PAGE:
Credit networks model transitive trust (or credit) between users in a distributed environment and have recently seen a rapid increase of popularity due to their flexible design and robustness against intrusion. They serve today as a backbone of real-world IOweYou transaction settlement networks such as Ripple and Stellar, which are deployed by various banks worldwide, as well as several other systems, such as spam-resistant communication protocols and Sybil-tolerant social networks. Current solutions, however, raise serious privacy concerns, as the network topology as well as the credit value of the links are made public for apparent transparency purposes and any changes are logged. In payment scenarios, for instance, this means that all transactions have to be public and everybody knows who paid what to whom.
In this work, we question the necessity of a privacy-invasive transaction ledger. In particular, we present SilentWhispers, the first distributed, privacy-preserving credit network that does not require any ledger to protect the integrity of transactions. Yet, SilentWhispers guarantees integrity and privacy of link values and transactions even in the presence of distrustful users and malicious neighbors, whose misbehavior in changing link values is detected and such users can be held accountable. We formalize these properties as ideal functionalities in the universal composability framework and present a secure realization based on a novel combination of secret-sharing-based multiparty computation and digital signature chains. SilentWhispers can handle network churn, and it is efficient as demonstrated with a prototype implementation evaluated using payments data extracted from the currently deployed Ripple payment system.
Blockchains and more general distributed ledgers are becoming increasingly popular as efficient, reliable, and persistent records of data and transactions. Unfortunately, they ensure reliability and correctness by making all data public, raising confidentiality concerns that eliminate many potential uses.
In this paper we present Solidus, a protocol for confidential transactions on public blockchains, such as those required for asset transfers with on-chain settlement. Solidus operates in a framework based on real-world financial institutions: a modest number of banks each maintain a large number of user accounts. Within this framework, Solidus hides both transaction values and the transaction graph (i.e., the identities of transacting entities) while maintaining the public verifiability that makes blockchains so appealing. To achieve strong confidentiality of this kind, we introduce the concept of a Publicly-Verifiable Oblivious RAM Machine (PVORM). We present a set of formal security definitions for both PVORM and Solidus and show that our constructions are secure. Finally, we implement Solidus and present a set of benchmarks indicating that the system is efficient in practice.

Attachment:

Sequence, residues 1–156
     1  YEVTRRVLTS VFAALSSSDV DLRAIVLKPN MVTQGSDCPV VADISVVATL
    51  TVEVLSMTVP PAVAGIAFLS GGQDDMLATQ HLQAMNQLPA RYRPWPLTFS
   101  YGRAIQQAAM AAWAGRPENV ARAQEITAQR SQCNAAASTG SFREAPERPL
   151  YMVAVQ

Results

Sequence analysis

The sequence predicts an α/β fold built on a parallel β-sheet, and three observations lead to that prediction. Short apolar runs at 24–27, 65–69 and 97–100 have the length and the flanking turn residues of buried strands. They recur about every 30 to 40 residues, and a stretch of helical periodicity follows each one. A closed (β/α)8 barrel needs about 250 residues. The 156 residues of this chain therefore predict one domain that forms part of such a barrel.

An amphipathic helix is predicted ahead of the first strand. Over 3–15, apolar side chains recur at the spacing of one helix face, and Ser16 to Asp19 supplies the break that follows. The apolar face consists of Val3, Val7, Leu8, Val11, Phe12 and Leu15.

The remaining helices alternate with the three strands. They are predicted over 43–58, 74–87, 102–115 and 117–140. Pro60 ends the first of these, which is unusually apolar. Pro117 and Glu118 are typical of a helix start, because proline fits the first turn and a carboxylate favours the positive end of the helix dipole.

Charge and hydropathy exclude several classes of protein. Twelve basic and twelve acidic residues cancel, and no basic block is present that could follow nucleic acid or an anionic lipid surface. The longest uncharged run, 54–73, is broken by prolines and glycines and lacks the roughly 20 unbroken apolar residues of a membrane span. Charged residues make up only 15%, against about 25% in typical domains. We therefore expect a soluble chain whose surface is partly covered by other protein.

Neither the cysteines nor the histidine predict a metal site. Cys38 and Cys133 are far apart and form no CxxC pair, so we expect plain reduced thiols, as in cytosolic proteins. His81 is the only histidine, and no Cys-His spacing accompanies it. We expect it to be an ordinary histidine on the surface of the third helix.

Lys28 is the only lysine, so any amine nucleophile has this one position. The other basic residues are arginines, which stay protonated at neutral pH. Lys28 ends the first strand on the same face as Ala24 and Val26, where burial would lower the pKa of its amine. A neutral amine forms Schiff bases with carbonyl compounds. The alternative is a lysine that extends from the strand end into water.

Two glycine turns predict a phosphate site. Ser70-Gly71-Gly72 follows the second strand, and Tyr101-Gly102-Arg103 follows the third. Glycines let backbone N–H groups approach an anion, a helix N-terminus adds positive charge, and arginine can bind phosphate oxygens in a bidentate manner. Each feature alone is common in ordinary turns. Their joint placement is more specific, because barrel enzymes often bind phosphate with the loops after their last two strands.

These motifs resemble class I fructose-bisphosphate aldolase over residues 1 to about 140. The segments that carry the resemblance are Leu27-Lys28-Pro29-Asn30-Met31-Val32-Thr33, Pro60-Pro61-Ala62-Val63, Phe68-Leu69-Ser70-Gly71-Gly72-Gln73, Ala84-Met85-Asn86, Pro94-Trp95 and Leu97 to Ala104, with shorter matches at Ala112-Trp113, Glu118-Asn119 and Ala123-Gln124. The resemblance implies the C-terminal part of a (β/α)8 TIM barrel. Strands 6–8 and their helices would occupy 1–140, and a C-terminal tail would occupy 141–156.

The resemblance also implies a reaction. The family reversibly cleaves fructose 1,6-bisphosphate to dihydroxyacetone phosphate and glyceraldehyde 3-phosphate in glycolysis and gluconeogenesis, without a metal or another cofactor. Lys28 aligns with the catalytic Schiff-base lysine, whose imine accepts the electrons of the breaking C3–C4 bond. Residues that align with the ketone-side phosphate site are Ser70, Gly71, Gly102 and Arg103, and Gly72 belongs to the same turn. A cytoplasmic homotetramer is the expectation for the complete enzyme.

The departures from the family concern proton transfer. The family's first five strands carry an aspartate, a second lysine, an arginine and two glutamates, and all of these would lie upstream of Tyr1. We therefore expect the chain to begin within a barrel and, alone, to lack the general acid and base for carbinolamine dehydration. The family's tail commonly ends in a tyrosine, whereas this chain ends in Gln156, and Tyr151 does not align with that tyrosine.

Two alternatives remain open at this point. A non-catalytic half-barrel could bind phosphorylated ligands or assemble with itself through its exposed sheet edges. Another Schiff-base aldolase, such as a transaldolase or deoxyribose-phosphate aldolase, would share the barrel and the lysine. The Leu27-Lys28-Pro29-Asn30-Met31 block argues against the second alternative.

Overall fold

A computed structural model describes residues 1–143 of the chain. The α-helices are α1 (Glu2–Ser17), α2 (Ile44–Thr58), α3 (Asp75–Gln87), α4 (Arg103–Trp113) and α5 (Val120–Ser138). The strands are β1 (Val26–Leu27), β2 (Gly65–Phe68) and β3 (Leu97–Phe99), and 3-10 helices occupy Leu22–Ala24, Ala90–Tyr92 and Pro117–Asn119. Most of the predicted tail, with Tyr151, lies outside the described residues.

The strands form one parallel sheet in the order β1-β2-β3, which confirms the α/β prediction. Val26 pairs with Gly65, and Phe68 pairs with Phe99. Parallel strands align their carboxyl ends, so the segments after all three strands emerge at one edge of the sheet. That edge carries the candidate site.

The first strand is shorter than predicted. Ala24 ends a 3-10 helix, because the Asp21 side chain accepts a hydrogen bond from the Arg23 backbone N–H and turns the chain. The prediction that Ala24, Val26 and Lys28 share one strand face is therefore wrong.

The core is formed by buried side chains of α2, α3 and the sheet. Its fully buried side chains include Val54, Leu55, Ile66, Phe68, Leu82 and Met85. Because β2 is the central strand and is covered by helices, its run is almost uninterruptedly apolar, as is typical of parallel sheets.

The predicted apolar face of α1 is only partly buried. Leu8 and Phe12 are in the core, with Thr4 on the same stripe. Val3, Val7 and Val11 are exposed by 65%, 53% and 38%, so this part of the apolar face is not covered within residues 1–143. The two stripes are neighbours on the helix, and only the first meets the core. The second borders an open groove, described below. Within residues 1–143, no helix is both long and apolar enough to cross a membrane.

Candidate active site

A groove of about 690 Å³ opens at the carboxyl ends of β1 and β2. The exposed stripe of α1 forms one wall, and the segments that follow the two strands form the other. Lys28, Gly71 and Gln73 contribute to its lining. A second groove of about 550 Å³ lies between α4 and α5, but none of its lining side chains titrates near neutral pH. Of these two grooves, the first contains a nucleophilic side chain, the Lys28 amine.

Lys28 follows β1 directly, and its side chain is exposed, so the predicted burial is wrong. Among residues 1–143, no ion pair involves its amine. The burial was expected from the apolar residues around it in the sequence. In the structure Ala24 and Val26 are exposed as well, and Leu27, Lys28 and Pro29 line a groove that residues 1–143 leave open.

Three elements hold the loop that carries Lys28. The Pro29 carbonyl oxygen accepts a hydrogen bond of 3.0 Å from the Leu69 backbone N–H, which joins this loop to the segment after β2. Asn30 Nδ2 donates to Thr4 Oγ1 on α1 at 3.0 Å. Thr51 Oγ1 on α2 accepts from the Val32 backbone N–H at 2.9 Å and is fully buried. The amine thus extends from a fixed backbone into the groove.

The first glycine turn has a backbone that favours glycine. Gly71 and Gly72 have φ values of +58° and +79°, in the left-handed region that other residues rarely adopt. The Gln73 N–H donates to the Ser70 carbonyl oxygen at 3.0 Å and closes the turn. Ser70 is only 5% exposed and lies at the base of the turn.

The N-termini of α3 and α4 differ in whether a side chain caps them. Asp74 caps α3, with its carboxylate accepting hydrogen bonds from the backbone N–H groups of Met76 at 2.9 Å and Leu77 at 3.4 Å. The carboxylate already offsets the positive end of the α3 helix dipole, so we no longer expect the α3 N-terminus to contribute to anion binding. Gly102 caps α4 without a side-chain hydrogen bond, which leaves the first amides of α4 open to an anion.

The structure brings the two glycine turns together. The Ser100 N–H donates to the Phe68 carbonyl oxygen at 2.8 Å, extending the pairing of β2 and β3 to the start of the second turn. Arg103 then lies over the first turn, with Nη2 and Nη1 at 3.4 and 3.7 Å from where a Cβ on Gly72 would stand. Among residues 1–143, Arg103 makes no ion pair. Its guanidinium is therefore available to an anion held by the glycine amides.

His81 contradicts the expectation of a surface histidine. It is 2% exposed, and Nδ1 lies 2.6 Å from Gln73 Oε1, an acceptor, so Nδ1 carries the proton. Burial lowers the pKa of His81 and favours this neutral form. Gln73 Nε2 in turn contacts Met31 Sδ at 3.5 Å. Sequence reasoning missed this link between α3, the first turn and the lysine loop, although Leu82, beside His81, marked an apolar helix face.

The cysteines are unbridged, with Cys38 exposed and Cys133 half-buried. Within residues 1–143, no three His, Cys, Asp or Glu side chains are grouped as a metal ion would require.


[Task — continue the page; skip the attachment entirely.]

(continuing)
Certification of keys and attributes is in practice typically realized by a hierarchy of issuers. Revealing the full chain of issuers for certificate verification, however, can be a privacy issue since it can leak sensitive information about the issuer’s organizational structure or about the certificate owner. Delegatable anonymous credentials solve this problem and allow one to hide the full delegation (issuance) chain, providing privacy during both delegation and presentation of certificates. However, the existing delegatable credentials schemes are not efficient enough for practical use.
In this paper, we present the first hierarchical (or delegatable) anonymous credential system that is practical. To this end, we provide a surprisingly simple ideal functionality for delegatable credentials and present a generic construction that we prove secure in the UC model. We then give a concrete instantiation using a recent pairing-based signature scheme by Groth and describe a number of optimizations and efficiency improvements that can be made when implementing our concrete scheme. The latter might be of independent interest for other pairing-based schemes as well. Finally, we report on an implementation of our scheme in the context of transaction authentication for blockchain, and provide concrete performance figures.
Bitcoin owes its success to the fact that transactions are transparently recorded in the blockchain, a global public ledger that removes the need for trusted parties. Unfortunately, recording every transaction in the blockchain causes privacy, latency, and scalability issues. Building on recent proposals for “micropayment channels” — two party associations that use the ledger only for dispute resolution — we introduce techniques for constructing anonymous payment channels. Our proposals allow for secure, instantaneous and private payments that substantially reduce the storage burden on the payment network. Specifically, we introduce three channel proposals, including a technique that allows payments via untrusted intermediaries. We build a concrete implementation of our scheme and show that it can be deployed via a soft fork to existing anonymous currencies such as ZCash.